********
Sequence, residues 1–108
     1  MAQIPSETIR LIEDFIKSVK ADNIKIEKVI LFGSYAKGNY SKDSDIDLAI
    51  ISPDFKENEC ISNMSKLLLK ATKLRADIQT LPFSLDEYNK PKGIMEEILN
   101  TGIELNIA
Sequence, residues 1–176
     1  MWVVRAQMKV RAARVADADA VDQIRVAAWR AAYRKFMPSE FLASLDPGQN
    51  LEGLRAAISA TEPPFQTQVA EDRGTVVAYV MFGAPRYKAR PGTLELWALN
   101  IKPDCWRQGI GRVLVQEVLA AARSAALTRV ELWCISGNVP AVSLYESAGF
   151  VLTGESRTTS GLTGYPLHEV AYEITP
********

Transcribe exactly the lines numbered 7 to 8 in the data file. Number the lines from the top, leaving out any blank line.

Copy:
    51  LEGLRAAISA TEPPFQTQVA EDRGTVVAYV MFGAPRYKAR PGTLELWALN
   101  IKPDCWRQGI GRVLVQEVLA AARSAALTRV ELWCISGNVP AVSLYESAGF